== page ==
December 2
222
$588/sf
85
3,653sf
December 9
219
$586/sf
87
3,636sf
December 16
211
$593/sf
88
3,627sf
December 23
196
$601/sf
94
3,581sf
December 30
190
$597/sf
100
3,591sf
January 6
175
$595/sf
97
3,594sf
January 13
184
$600/sf
92
3,590sf
January 20
187
$589/sf
83
3,663sf
January 27
195
$589/sf
80
3,649sf
February 3
196
$573/sf
78
3,730sf
February 10
205
$583/sf
76
3,687sf
February 17
216
$582/sf
72
3,729sf
February 24
211
$584/sf
77
3,744sf
March 3
221
$585/sf
78
3,761sf
March 10
228
$585/sf
77
3,740sf
March 17
217
$584/sf
75
3,744sf
March 24
231
$584/sf
73
3,742sf
March 31
232
$569/sf
71
3,750sf
April 7
230
$569/sf
71
3,753sf
April 14
233
$564/sf
69
3,748sf
April 21
244
$563/sf
67
3,780sf
April 28
238
$566/sf
66
3,757sf
May 5
247
$571/sf
61
3,746sf
May 12
251
$559/sf
64
3,782sf
May 19
256
$562/sf
0
0sf
May 26
263
$552/sf
69
0sf
Jun 2
261
$561/sf
69
0sf
Jun 9
273
$566/sf
70
0sf
Jun 16
276
$571/sf
70
0sf
Jun 23
289
$581/sf
70
0sf
Jun 30
292
$594/sf
72
0sf
Jul 7
288
$588/sf
74
0sf
Jul 14
290
$590/sf
72
0sf
Jul 21
277
$578/sf
74
0sf

The OVER-$2,400,000 Market:

Date
NSDCC Active Listings
Avg. LP/sf
DOM
Avg SF
November 25
340
$1,040/sf
159
6,347sf
December 2
330
$1,049/sf
160
6,342sf
December 9
318
$1,057/sf
163
6,392sf
December 16
317
$1,049/sf
163
6,420sf
December 23
302
$1,063/sf
169
6,405sf
December 30
285
$1,074/sf
174
6,460sf
January 6
285
$1,073/sf
171
6,477sf
January 13
295
$1,057/sf
168
6,480sf
January 20
297
$1,050/sf
157
6,537sf
January 27
307
$1,041/sf
152
6,513sf
February 3
297
$1,048/sf
152
6,545sf
February 10
315
$1,024/sf
146
6,519sf
February 17
315
$1,030/sf
148
6,572sf
February 24
314
$1,028/sf
148
6,611sf
March 3
309
$1,004/sf
145
6,628sf
March 10
316
$1,011/sf
141
6,576sf
March 17
329
$999/sf
136
6,557sf
March 24
331
$995/sf
131
6,563sf
March 31
336
$995/sf
131
6,574sf
April 7
345
$988/sf
128
6,477sf
April 14
349
$996/sf
126
6,534sf
April 21
353
$995/sf
124
6,523sf
April 28
366
$980/sf
120
6,543sf
May 5
379
$974/sf
119
6,539sf
May 12
388
$967/sf
118
6,509sf
May 19
390
$1,000/sf
0
0sf
May 26
393
$1,015/sf
122
0sf
Jun 2
395
$1,007/sf
124
0sf
Jun 9
398
$1,010/sf
125
0sf
Jun 16
397
$1,016/sf
130
0sf
Jun 23
417
$911/sf
116
0sf
Jun 30
416
$904/sf
120
0sf
Jul 7
411
$912/sf
120
0sf
Jul 14
419
$893/sf
119
0sf
Jul 21
424
$884/sf
119
0sf

Quite a few weeks with new listings in the triple digits, but new pendings are hanging tough:

Weekly NSDCC New Listings and New Pendings

Week
New Listings
New Pendings
May 30
70
84
June 5
87
64
June 11
77
69
June 17
73
66
June 24
100
69
July 1
86
64
July 8
81
53
July 15
106
54
July 22
105
89
July 29
71
74
Aug 5
105
64
Aug 12
77
61
Aug 19
88
73
Aug 26
87
77
Sep 2
76
55
Sep 9
85
58
Sep 16
102
61
Sep 23
84
54
Sep 30
73
80
Oct 7
80
61
Oct 14
78
53
Oct 21
70
63
Oct 28
54
40
Nov 4
63
53
Nov 11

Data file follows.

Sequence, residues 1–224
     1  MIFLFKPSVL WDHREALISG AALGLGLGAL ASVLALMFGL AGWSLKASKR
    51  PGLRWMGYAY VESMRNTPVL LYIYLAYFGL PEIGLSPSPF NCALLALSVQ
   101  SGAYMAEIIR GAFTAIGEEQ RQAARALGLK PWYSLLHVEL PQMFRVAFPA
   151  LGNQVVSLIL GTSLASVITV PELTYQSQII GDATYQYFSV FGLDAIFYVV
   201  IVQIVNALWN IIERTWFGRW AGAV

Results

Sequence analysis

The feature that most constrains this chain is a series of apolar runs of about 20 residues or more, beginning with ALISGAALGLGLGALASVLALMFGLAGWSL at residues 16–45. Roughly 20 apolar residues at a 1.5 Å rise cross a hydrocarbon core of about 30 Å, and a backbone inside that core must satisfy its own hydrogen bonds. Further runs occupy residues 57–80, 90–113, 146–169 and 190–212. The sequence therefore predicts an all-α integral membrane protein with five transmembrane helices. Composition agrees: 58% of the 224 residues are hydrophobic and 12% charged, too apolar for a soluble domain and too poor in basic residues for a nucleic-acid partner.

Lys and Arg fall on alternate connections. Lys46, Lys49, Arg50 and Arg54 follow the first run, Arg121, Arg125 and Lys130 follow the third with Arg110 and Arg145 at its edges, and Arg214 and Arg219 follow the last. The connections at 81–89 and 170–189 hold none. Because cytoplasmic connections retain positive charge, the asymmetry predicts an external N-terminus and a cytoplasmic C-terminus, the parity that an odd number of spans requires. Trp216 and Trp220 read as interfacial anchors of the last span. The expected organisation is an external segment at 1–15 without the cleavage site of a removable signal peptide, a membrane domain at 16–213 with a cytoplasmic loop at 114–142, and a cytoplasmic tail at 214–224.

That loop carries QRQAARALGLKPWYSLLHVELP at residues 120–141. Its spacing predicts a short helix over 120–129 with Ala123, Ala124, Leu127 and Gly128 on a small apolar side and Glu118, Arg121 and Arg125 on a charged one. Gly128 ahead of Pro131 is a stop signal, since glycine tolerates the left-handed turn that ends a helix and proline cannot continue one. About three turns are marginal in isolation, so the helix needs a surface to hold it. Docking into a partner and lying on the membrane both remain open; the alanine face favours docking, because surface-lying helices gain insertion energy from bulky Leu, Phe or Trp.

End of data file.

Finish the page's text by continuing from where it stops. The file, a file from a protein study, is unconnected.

49
64
Nov 18
52
44
Nov 25
48
40
Dec 2
25
34
Dec 9
45
47
Dec 16
56
46
Dec 23
21
39
Dec 30
14
23
Jan 6
63
25
Jan 13
75
44
Jan 20
98
51
Jan 27
71
56
Feb 3
74
63
Feb 10
95
59
Feb 17
81
76
Feb 24
80
70
Mar 3
88
71
Mar 10
98
54
Mar 17
87
65
Mar 24
89
76
Mar 31
77
57
April 7
98
61
April 14
108
72
April 21
87
62
April 28
122
73
May 5
144
67
May 12
96
85
May 19
87
61
May 26
97
72
Jun 2
90
59
Jun 9
108
52
Jun 16
103
65
Jun 23
131
62
Jun 30
85
70
July 7
83
59
July 14
100
62
July 21
108
69

Posted by on Jul 21, 2014 in Inventory | 2 comments

Doggie Suites

This May 13, 2014 photo provided by A.G. Photography shows a Standard Pacific Home’s interior view of a dog-friendly home. Standard Pacific Homes is

Hat tip to daytrip for sending this in:

http://www.mercurynews.com/business/ci_26159482/homebuilder-adds-sweet-pet-suites-entice-buyers

Standard Pacific Homes is building and selling homes in 27 developments from Florida to California and is believed to be the first to offer a pet suite as an option in every one.

The most lavish suite is a 170-square-foot pet paradise with a step-in wash station, handheld sprayer and leash lead; tile walls and floors; a designated drying area with a commercial sized pet dryer; a water station; automated feeders; a large bunk-style bed; cabinets for toys, treats and food; a stackable washer and dryer; a French door that opens to a puppy run; and a flat-screen television set.

Standard Pacific, based in Irvine, decided to offer pet suites after conducting livability studies with homeowners. Pets were a constant theme, said Jeffrey Lake, vice president and national director of architecture for Standard Pacific.

Devotion to pets is second-to-none,” he added. “They are family.

The American Pet Products Association reports that 68 percent of Americans own pets and contribute to an industry worth more than $55 billion annually.

Read more here:

http://www.mercurynews.com/business/ci_26159482/homebuilder-adds-sweet-pet-suites-entice-buyers

Posted by on Jul 19, 2014 in Remodel Projects, The Future | 0 comments

Jumbo Rates Still Better

Last June we had the big panic due to the Fed suggesting they were thinking about possibly raising rates.  Within a month, the conforming-mortgage rates jumped from the mid-3%s to the mid-4%s.

We noted here on how the 30-year-fixed jumbo rates dropped below conforming rates, which I don’t think has ever happened before.

From June 30, 2013:

June 30 2013

A year later and the Fed says they are going to end the quantitive easing in October, and start raising rates in 2015. From the wsj.com:

http://online.wsj.com/articles/feds-yellen-u-s-economy-continues-to-improve-but-recovery-not-yet-complete-1405432838